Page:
A bill that would expand the authority of rabbinical courts to civilian matters was criticized yesterday by lawmakers, women's rights groups and several religious organizations, following Haaretz's expose of Justice Minister Yaakov Neeman's support of the initiative.

MK Ophir Pines-Paz said yesterday that his Labor Party, a member of the governing coalition, is not beholden to verbal commitments the ruling Likud party gave to fellow coalition member Shas to expand the courts' authority, and that he intends to work against Neeman's efforts to that end.

"Just as we were able to thwart Shas' initiatives in the last Knesset, this time we also won't allow it to pass," Pines-Paz said in response to yesterday's Haaretz Hebrew edition article. The bill was promised verbally to Shas as part of a coalition deal with Likud, even though it was not recorded as part of the parties' written agreement.

"Israel is not an autocracy, nor a halakhic state. The attempt to expand the control of rabbinical courts at the expense of [civil] courts represents a serious blow to the status quo, and a dangerous, unprecedented effort to give rabbinical courts authority over civilian matters," the lawmaker said.

MK Nitzan Horowitz of the New Movement-Meretz said, "This initiative should represent another call to the free-secular Israeli public to shake off this vacuous government, which started off by promising civil unions and is now strengthening rabbinical courts."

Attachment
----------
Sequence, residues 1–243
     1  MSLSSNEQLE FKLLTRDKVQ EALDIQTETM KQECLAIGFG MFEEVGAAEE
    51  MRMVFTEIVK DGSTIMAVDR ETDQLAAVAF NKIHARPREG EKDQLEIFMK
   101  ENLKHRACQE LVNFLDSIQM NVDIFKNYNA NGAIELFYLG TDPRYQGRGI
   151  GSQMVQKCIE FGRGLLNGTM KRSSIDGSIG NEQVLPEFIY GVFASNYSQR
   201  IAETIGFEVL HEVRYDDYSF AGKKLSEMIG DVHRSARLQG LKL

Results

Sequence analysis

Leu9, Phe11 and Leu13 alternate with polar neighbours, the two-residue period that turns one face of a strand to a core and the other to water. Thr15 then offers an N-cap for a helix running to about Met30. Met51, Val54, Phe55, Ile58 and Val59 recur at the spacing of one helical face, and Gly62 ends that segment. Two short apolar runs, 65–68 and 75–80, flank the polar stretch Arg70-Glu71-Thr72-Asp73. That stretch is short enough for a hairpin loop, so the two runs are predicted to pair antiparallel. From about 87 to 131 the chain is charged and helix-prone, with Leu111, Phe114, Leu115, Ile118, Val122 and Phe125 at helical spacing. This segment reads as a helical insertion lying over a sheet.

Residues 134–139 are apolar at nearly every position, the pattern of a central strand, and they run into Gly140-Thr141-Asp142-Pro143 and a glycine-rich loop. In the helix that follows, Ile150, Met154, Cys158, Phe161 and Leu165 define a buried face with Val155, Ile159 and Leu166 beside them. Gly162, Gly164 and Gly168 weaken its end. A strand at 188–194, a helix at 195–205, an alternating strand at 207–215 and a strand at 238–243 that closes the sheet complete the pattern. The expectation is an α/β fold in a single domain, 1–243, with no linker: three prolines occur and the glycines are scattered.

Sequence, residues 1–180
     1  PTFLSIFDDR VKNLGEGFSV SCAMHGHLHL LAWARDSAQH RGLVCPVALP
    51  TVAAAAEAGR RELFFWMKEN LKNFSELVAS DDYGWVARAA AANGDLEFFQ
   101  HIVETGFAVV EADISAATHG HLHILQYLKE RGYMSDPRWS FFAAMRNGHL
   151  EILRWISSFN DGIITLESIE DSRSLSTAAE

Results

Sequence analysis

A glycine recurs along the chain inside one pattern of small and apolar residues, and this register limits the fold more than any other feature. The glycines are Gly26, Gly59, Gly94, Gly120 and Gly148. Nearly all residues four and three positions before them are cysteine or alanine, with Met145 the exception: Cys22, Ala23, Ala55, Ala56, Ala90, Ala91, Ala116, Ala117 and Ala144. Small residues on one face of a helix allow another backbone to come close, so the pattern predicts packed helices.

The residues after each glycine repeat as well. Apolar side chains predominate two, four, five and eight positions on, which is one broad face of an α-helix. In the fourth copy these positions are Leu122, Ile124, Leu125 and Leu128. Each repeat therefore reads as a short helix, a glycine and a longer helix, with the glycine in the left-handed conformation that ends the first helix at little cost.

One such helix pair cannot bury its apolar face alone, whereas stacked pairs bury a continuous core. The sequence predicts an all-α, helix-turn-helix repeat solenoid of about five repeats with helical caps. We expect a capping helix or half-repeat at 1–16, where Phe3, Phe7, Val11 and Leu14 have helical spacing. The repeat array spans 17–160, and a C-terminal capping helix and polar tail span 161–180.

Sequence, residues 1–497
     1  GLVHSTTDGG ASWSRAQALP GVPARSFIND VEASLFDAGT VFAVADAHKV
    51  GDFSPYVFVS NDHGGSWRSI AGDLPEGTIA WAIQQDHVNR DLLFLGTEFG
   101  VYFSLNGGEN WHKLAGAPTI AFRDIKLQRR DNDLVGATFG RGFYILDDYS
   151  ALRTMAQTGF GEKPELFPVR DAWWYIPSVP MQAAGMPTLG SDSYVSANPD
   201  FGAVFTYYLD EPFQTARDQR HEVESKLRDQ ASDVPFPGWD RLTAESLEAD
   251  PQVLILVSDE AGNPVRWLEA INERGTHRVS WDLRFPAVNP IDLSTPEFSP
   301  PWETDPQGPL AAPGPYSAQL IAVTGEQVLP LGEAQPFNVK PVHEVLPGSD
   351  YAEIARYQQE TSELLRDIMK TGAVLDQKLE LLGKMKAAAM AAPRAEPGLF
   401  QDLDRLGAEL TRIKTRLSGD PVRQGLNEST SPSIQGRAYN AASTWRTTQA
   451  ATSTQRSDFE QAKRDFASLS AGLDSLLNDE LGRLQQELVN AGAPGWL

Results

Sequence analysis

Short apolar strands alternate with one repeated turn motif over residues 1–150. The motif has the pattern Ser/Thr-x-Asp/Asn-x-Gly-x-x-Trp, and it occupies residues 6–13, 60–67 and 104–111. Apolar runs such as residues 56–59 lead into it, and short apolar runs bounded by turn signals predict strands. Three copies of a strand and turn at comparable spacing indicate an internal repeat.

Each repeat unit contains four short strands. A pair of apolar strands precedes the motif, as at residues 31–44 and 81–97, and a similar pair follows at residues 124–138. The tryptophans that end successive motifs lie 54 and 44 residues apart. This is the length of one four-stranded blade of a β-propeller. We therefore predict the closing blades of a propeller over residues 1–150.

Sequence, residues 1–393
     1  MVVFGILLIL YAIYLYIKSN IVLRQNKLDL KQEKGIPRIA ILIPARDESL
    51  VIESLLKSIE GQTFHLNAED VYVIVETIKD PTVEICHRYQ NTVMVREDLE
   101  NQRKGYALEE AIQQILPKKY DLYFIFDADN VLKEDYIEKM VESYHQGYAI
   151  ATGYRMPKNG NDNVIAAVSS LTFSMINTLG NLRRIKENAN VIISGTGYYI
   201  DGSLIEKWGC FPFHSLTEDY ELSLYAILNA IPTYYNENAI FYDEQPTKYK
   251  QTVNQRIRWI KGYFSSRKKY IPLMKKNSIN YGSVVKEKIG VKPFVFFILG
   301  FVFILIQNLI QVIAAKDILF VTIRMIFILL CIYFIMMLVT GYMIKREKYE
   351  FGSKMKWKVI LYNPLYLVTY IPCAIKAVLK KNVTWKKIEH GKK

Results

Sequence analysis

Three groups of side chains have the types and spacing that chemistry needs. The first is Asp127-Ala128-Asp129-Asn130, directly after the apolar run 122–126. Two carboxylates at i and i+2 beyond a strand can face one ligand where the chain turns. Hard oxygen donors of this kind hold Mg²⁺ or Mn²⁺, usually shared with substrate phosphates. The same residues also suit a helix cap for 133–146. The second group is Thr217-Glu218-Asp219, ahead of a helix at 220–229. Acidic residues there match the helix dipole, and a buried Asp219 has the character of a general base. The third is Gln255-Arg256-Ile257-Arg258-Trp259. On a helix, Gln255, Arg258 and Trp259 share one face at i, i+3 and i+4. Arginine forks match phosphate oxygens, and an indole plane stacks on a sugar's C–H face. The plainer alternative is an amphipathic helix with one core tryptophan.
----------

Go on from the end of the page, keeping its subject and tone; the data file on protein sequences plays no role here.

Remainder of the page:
MK Shlomo Molla of Kadima said, "The justice minister is turning Israel into Iran."

Rabbi Eli Ben-Dahan, director of the rabbinical courts, expressed support for the bill.

"All in all we're not talking about expanding the rabbinical courts' authority, but of returning to the situation that was in place for 50 years, until the High Court annulled that authority several years ago," he said.

Liora Minka, chair of the national-religious women's organization Emunah, wrote to Neeman lamenting what she described as rabbinical courts' "discriminatory, strict and harmful" treatment of women, and called on the justice minister to prevent the expansion of their power.

Icar, a coalition of organizations promoting the rights of women bound in marriage by husbands refusing to grant a divorce, will stage a protest tomorrow opposite Neeman's home. The bill "would bolster the extortive power of the husband and deal a hard blow to women refused a get," said Robyn Shames, the coalition's director, referring to the Jewish halakhic term for a bill of divorce.

Rabbi Gilad Kariv, Director of Public Policy for the Reform Movement's Israel Religious Action Center, said the bill is tantamount to "granting a prize to a failed justice system," and that "it would be fitting for the justice minister to invest his energy in finding a solution to the struggle of those prevented from remarrying, as the government has committed to doing."

The Conservative Movement also called on Neeman to retract his support for the initiative.

"The step will bring tremendous damage to Israeli society in general, and the female population in particular," Rabbi Diana Villa of the Conservative Movement said.

Batia Kahane-Dror of the women's organization Mavoi Satum sent an open letter to Neeman reminding him of his past condemnation of expanded rabbinical court authority.

"Now that you are on the other side, will your conscience allow you to give them additional powers?" she wrote.